From February 2003 to January 2014, Cisarik served as a senior vice president of Enterprise, where he had primary responsibility for the oversight of the company’s intrastate natural gas pipelines and projects derived from LNG and other natural gas business development. Prior to joining Enterprise, Cisarik was a senior vice president of Coral Energy LLC, and from 1997 to February 1999 was vice president, market development of Tejas Energy LLC. He graduated from the University of Texas with a bachelor of business administration degree in petroleum land management.



Charles F. James, 84, of Mountain Home passed away Saturday, January 7, 2017 in Mountain Home. He was born in Holly Springs, AR to Bill and Amy (Higgison) James on March 6, 1932. He grew up in Thornton, AR, where he spent a lot of time with grandparents D.E. and Arminda James and uncle Gurt and aunt Jewel James. Charles went into the Navy at 16 and served in the Korean War. He returned to Arkansas six years later. He began pipelining as a laborer with R. H. Fulton and Michael Curran and Co’s, traveling all over the United States. Charles retired in 1987 as president of Tulsa Houston Pipeline Co.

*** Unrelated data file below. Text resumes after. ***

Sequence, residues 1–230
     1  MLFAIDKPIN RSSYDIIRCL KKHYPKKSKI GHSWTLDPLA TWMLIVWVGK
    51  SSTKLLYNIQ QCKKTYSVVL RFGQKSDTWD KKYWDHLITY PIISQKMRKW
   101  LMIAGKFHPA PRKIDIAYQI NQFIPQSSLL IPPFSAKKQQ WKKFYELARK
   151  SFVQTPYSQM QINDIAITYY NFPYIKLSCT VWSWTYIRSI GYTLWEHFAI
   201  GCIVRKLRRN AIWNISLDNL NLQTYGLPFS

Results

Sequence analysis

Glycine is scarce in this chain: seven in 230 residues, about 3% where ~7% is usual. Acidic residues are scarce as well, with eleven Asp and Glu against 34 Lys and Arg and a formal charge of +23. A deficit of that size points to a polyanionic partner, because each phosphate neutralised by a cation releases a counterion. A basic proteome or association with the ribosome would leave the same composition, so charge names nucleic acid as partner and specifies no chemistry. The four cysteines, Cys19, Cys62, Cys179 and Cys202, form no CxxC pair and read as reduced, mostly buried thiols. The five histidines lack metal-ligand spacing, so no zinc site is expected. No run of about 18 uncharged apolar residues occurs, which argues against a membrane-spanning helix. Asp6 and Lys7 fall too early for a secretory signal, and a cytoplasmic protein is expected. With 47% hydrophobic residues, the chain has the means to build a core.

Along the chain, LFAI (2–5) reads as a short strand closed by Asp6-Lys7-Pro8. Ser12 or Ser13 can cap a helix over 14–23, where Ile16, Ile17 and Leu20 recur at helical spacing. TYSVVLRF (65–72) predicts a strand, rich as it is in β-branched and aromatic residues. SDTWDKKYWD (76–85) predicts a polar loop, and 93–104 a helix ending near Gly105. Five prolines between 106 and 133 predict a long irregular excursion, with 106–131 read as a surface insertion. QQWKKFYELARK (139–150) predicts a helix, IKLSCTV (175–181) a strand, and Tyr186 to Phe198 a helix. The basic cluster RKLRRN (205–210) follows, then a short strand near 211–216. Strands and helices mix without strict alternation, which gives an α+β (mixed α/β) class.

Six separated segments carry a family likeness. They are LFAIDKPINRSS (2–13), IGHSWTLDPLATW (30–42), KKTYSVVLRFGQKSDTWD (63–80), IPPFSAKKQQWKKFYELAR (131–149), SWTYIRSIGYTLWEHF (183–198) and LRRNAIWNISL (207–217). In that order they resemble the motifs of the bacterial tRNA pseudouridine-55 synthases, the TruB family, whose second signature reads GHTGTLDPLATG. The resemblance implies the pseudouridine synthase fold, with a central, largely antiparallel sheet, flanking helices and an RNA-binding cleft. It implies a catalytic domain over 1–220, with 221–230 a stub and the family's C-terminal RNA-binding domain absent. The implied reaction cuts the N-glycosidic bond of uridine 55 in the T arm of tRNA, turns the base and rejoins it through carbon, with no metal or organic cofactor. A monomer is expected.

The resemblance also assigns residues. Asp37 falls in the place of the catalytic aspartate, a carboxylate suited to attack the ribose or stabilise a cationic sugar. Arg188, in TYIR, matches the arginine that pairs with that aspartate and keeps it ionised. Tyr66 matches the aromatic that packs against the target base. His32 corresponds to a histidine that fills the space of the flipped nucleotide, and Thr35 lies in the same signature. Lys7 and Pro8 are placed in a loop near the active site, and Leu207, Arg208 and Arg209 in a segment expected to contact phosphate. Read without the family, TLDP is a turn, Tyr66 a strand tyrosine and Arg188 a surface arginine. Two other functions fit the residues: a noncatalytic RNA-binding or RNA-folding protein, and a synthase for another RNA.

Charlie married Mary (Gorman) in Sturgis, SD and they moved to Mountain Home in 1964, using it as their home base. He loved the outdoors. Charles spent most of his time hunting, fishing and fixing things with his grandchildren at his barn or farm in Viola. He killed his last deer in early December.

He is survived by his wife Mary; sister Laura Reed; children John (Maureen) James, Susan (Andrew) Fraser and Laura (Arnold) Knox; nine grandchildren and five great grandchildren.